Applied Agronomics Australia held four successful seminars for greenkeepers and superintendents around Victoria this month, with guest speaker Pat McHugh.
Running from March 22-23, the seminars looked at possible unidentified problems that can occur on golf courses internationally.
Superintendents and greenkeepers on a golf course are expected to have all the answers when it comes to surface issues on greens, but sometimes they need to know the right question to ask. Pat McHugh urges people to ‘look downstairs’ to find the root of the problem.
With more than 40 years in the golf industry, McHugh now works as an international turf consultant for Floratine; specialising in turf nutrition and the physical and chemical properties of soil and water.
In each talk, McHugh focused on gas damage on a golf green and how to repair it without ripping up a green and starting again.
McHugh showed photos from different courses in the US and Canada that he had worked on to help find solutions where it seemed there was none.
Sometimes courses will go years trying to source the problem, running through their checklists to figure out how to fix damaged greens, McHugh explained it is important in this case to inspect the materials your greens were built from, or even the drain lines surrounding the damaged area.
In his consultancy work, McHugh uses a ‘camera snake’ to inspect the ‘downstairs’ of a golf green. He showed some of this footage to guests at each seminar and what was most interesting, was each situation called for different problem solving or method of solution, but all of them came down to gas damage from something going wrong under the surface.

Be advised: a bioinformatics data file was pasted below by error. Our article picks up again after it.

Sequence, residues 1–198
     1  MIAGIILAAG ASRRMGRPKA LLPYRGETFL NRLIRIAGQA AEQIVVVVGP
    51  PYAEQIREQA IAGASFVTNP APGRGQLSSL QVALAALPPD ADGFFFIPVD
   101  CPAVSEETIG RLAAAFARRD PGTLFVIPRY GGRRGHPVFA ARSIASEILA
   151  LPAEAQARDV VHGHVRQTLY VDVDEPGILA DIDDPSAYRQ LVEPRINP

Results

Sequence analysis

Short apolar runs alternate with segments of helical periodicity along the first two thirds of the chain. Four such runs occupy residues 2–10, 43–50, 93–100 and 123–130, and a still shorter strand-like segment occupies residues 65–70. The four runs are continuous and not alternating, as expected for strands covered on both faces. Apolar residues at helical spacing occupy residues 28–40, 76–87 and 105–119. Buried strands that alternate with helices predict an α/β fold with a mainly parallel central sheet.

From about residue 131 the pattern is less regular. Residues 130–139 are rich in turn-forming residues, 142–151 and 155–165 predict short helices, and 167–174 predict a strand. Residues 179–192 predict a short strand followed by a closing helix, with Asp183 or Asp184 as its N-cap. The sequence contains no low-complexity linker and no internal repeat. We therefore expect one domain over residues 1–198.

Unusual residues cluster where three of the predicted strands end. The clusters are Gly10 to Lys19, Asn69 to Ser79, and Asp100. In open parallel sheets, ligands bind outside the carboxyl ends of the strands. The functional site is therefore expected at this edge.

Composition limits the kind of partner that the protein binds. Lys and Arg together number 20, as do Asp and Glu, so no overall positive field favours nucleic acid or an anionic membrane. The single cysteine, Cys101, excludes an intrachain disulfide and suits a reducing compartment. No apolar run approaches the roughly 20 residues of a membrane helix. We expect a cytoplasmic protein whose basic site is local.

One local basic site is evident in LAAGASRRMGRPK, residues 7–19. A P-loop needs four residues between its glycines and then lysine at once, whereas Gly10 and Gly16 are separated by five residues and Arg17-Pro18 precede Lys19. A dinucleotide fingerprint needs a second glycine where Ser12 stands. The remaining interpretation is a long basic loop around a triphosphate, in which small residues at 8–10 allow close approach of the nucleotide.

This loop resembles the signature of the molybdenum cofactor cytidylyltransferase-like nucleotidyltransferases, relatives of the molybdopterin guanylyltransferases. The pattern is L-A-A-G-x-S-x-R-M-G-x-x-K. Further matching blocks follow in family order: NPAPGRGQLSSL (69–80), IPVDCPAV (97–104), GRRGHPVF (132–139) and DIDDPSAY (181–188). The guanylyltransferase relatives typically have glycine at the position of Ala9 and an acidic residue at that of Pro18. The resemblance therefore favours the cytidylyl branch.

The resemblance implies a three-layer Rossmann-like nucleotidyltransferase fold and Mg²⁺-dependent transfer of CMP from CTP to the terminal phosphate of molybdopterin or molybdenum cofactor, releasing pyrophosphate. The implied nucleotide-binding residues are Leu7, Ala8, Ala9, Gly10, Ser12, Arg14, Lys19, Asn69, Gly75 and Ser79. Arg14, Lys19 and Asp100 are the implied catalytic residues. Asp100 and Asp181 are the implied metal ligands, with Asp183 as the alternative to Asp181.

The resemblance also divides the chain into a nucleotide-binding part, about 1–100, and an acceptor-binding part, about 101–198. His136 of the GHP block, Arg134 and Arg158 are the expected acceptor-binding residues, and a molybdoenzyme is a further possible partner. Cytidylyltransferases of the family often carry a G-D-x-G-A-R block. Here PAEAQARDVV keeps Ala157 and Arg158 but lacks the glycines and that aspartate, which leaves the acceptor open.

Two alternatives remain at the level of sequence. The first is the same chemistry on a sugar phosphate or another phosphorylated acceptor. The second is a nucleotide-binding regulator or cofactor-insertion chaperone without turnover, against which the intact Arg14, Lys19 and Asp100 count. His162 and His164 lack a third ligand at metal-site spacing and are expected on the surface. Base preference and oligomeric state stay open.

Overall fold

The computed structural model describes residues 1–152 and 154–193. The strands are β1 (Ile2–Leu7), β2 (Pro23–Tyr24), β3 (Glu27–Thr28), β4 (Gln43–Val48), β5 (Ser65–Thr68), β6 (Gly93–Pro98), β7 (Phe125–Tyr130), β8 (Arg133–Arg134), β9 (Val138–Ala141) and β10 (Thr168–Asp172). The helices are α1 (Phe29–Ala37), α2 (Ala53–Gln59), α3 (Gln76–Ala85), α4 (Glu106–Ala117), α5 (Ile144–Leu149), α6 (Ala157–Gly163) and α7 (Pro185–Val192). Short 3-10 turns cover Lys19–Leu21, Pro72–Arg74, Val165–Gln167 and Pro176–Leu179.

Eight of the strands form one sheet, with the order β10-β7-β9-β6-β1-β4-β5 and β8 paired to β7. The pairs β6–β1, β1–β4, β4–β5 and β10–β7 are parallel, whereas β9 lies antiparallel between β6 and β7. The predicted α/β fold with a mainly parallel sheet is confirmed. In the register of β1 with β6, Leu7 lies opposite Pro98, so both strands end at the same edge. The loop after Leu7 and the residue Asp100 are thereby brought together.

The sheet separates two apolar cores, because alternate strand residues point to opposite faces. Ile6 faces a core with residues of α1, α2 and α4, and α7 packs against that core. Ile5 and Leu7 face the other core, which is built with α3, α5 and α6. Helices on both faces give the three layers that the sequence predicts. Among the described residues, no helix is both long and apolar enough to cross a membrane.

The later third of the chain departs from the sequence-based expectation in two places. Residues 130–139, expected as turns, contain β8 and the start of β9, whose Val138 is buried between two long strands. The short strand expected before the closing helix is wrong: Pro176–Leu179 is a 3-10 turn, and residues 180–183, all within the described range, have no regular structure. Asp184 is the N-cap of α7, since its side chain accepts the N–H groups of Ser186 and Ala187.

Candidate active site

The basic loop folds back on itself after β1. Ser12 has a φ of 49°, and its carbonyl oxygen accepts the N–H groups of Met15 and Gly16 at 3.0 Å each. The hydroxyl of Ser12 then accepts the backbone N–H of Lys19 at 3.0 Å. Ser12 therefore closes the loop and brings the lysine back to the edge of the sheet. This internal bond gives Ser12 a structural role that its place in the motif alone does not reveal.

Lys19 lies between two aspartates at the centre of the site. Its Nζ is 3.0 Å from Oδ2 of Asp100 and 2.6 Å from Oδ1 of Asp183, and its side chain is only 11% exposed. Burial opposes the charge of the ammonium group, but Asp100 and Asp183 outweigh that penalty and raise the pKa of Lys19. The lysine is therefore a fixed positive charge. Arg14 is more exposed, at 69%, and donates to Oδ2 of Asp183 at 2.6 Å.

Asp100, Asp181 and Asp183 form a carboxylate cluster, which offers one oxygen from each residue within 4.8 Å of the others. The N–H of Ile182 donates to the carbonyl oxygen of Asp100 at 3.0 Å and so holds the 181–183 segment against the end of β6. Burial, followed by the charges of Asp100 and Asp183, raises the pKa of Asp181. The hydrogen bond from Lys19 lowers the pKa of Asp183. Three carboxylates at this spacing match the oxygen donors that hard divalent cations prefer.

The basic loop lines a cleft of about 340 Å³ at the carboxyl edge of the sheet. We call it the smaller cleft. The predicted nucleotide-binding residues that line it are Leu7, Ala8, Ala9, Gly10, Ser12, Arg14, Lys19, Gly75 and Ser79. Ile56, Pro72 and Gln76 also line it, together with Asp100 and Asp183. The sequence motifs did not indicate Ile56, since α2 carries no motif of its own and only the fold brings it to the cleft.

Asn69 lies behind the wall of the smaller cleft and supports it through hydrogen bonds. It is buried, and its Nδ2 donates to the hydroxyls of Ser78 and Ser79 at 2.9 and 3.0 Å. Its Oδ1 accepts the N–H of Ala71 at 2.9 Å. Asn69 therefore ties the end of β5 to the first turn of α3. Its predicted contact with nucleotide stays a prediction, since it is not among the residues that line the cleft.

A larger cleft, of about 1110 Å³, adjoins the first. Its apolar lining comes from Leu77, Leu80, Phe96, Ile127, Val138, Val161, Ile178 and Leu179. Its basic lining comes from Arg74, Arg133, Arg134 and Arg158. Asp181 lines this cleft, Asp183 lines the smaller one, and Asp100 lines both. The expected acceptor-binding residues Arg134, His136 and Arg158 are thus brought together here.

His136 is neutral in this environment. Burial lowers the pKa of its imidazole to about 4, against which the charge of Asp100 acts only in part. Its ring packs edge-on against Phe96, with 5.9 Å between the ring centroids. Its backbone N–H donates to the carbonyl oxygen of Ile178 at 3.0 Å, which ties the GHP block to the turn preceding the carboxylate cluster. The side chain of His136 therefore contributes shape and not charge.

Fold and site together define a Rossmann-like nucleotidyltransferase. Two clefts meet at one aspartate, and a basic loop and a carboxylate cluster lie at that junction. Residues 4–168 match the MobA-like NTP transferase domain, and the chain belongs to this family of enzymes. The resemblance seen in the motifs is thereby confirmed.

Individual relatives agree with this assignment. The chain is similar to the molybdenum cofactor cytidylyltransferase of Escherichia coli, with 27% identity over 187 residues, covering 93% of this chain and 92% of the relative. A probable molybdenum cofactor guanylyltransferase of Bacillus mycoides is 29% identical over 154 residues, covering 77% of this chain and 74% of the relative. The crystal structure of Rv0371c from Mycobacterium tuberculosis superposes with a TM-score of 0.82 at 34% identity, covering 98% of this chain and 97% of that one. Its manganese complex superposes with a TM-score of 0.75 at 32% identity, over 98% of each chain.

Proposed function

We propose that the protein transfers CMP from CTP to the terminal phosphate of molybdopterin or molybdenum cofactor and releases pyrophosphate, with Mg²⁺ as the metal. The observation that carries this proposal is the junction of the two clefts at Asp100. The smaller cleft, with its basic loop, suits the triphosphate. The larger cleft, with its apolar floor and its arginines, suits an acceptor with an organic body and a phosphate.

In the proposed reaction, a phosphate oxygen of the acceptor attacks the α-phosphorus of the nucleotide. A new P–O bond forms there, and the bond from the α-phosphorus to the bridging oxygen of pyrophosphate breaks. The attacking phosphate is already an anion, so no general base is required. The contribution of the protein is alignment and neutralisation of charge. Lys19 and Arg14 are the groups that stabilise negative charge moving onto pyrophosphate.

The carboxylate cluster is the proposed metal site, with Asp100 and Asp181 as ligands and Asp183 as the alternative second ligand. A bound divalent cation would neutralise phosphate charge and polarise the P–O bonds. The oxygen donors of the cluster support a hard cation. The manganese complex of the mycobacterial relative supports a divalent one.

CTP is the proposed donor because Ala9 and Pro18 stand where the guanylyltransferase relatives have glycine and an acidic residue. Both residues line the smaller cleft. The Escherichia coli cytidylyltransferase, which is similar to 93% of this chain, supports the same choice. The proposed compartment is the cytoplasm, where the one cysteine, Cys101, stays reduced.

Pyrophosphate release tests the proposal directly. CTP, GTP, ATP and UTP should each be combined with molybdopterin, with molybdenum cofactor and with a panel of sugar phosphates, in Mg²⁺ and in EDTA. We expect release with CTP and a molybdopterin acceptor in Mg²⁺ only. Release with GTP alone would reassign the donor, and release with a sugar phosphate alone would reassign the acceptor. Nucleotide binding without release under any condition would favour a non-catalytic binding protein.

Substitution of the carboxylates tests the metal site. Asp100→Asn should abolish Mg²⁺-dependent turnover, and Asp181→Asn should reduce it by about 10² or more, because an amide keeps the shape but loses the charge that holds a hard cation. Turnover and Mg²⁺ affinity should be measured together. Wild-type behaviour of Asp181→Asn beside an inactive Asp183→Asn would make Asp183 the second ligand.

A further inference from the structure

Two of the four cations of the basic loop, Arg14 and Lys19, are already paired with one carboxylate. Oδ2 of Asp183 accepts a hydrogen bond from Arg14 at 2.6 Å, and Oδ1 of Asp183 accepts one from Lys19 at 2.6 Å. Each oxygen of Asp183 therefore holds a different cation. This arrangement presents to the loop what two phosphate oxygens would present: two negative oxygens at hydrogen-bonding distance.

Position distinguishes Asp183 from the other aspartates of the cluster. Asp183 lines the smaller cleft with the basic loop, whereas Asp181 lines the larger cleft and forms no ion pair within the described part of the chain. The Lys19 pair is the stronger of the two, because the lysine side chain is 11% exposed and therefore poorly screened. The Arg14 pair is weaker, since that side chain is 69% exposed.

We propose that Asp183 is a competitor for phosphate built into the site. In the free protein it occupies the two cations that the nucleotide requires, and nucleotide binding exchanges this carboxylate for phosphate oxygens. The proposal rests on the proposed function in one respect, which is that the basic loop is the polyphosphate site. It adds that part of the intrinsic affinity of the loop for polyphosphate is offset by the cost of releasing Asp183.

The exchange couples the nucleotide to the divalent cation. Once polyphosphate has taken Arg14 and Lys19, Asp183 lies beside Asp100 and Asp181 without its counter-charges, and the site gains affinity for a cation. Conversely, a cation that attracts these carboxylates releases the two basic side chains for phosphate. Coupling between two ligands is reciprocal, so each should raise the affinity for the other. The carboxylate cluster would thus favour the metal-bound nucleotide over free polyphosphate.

It was also clear from some images McHugh showed where gas damage was visibly running parallel to the drainage systems in part of a green.
An important takeaway from this event was a course’s drain system could be just as detrimental as it can be beneficial when not working properly, and a poorly placed outflow pipe can be the catalyst for gasses developing in drain lines.
If greens don’t receive enough oxygen, anaerobic gasses can form, causing ‘ugly water’ underneath the surface, sometimes even black layer.
One particularly interesting case was at a golf course in Canada that had seen issues on one green for 17 of its 19 year playing life.
After the club decided their only option was tearing up the green and reconstructing, McHugh and his team went in with their camera snake to find there was a significant amount of water being held in their drain tile.
The water logging was caused by an oversight in architectural planning when the green was extended years earlier.
McHugh told guests had this course re-constructed the green; they would have only come up against the same problems again because they hadn’t found the true root of the problem.
After looking downstairs, McHugh and his team were able to drain out the water, and repair the green without the need of a complete reconstruction.
McHugh explained in his talk how a 4-way ventilated drain is usually the best option for most gas damaged greens that need drain line or outflow repair.
He noted how a T-shape ventilation method won’t always do the trick because some gasses are thicker than the oxygen needed to get through.
Most attendees remarked at the findings shown by McHugh, saying they could all think of at least one area on their course they could inspect underneath for similar problems.
Pat McHugh offered great insight and knowledge to all guests that attended any of the four seminars held this month.
We thank him for his time and also thank Floratine and Applied Agronomics Australia for letting us attend!